1.
We use a base period (data from 2013) to obtain the optimal parameters for the behaviour of asset prices (an example of such optimisation is reported in “Appendix 1”).
 2.
We test the trading strategy with the optimal parameters on the base period (2013 data) and two independent (nonoptimised) periods (2012 and 2014) to see whether it is profitable (an example can be found in “Appendix 2”).
 3.
We perform continuous testing for the period 2012–2014 to obtain average results for the trading strategy.
 4.
The results of continuous trading are used to assess the effectiveness of the strategy. If total profits from trading are >0 and the number of profitable trades is >50%, and the results are rather stable for different periods, then we conclude that there is a market anomaly and it is exploitable.
The null hypothesis (H0) is that the mean is the same in both samples, and the alternative (H1) that it is not. The computed values of the t test are compared with the critical one at the 5% significance level. Failure to reject H0 implies that there are no advantages from exploiting the trading strategy being considered, whilst a rejection suggests that the adopted strategy can generate abnormal profits.
t Test for the trading simulation results for the Strategy 1 (case of EURUSD testing period 2014)
Parameter  Value 

Number of the trades  12 
Total profit  \(\)28.01 
Average profit per trade  \(\)2.33 
Standard deviation  27.92 
t test  \(\)0.29 
t critical (0.95)  1.78 
Null hypothesis  Accepted 
As it can be seen, H0 is confirmed, which implies that the trading simulation results are not statistically different from the random ones and therefore this trading strategy is not effective and there is no exploitable profit opportunity.

Total net profit: this is the difference between “Gross profit” and “Gross loss” measured in US dollars. We used marginal trading with the leverage 1:100, therefore it is necessary to invest $1000 to make the profit mentioned in the Trading Report. The annual return is defined as Total net profit/100, so, for instance, an annual total net profit of $100 represents a 10% annual return on the investment;

Profit trades: % of successful trades in total trades;

Expected payoff: the mathematical expectation of a win. This parameter represents the average profit/loss per trade. It is also the expected profitability/unprofitability of the next trade;

Total trades: total amount of trade positions;

Bars in test: the number of past observations modelled in bars during testing.

Criterion for overreaction (symbol: sigma_dz): the number of standard deviations added to the mean to form the standard day interval;

Period of averaging (period_dz): the size of data set on which base mean and standard deviation are counted;

Time in position (time_val): how long (in hours) the opened position has to be held;
 Expected profit per trade or Take Profit (profit_koef): the size of profit expected to result from a trade, measured as:$$\begin{aligned} {\text {Take Profit}}={\text {profit}}\_{\text {koef}}\;^*\,{\text {sigma}}\_{\text {dz}}; \end{aligned}$$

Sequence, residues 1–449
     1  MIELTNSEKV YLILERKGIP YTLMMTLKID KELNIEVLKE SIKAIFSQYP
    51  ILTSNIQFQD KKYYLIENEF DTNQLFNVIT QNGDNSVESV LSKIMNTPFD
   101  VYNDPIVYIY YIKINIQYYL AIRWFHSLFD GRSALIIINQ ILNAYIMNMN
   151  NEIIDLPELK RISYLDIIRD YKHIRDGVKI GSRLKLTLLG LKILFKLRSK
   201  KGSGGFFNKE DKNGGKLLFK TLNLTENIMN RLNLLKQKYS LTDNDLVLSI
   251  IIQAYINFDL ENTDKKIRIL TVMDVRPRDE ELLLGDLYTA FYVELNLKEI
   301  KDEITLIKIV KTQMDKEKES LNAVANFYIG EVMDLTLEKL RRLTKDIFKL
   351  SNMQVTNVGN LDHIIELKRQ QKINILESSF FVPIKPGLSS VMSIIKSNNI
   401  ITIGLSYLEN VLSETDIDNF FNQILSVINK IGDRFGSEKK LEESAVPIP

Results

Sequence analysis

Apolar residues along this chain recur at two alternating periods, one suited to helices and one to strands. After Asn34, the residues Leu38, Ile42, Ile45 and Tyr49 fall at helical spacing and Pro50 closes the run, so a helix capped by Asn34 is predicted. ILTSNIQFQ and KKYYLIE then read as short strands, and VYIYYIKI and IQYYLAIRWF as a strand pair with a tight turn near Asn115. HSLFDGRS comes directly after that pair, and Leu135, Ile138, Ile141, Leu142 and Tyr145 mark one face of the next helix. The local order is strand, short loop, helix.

Maximum amount of losses per trade or Stop Loss (stop): the size of losses the trader is willing to incur in a trade, defined as follows:$$\begin{aligned} {\text {Stop Loss}} ={\text {stop}}\;^*\,{\text {sigma}}\_{\text {dz}}. \end{aligned}$$
4 Empirical Results
The first step is to set the basic overreaction parameters/criterions by choosing the number of standard deviations (sigma_dz) to be added to the average to form the “standard” day interval for price fluctuations and the averaging period to calculate the mean and the standard deviation(symbol: period_dz).
Number of abnormal returns detections in DowJones index during 1987–2012
Period_dz  5  10  20  30  

Indicator  Number  %  Number  %  Number  %  Number  % 
Overall  6458  100  6454  100  6444  100  6434  100 
Number of abnormal returns (criterion \(=\) mean \(+\) sigma_dz)  1297  20  1183  18  1123  17  1070  17 
Number of abnormal returns (criterion \(=\) mean \(+\) 2 * sigma_dz)  587  9  474  7  379  6  371  6 
Number of abnormal returns (criterion \(=\) mean \(+\) 3 * sigma_dz)  290  4  194  3  159  2  145  2 
Number of abnormal returns detections in different financial assets (averaging period 20)
Financial asset  Gold  Oil  EURUSD  USDJPY  Boeing  Microsoft 

% of abnormal returns (criterion \(=\) mean \(+\) sigma_dz)  16  16  17  15  17  15 
% of abnormal returns (criterion \(=\) mean \(+\) 2 * sigma_dz)  8  8  12  12  16  6 
% of abnormal returns (criterion \(=\) mean \(+\) 3 * sigma_dz)  2  3  4  4  6  3 
t test of the shortterm counterreactions after the day of the overreaction for the DowJones index during 1987–2012
Period_dz  5  10  20  30  

Abnormal  Normal  Abnormal  Normal  Abnormal  Normal  Abnormal  Normal  
Number of matches  1297  5161  1183  5271  1123  5321  1070  5364 
Mean (%)  0.97  0.95  1.00  0.94  1.06  0.93  1.09  0.92 
Standard deviation (%)  0.97  0.80  1.01  0.80  1.08  0.78  1.12  0.77 
tCriterion  0.86  2.03  4.23  4.72  
tCritical (\(P=0.95\))  1.96  
Null hypothesis  Accepted  Rejected  Rejected  Rejected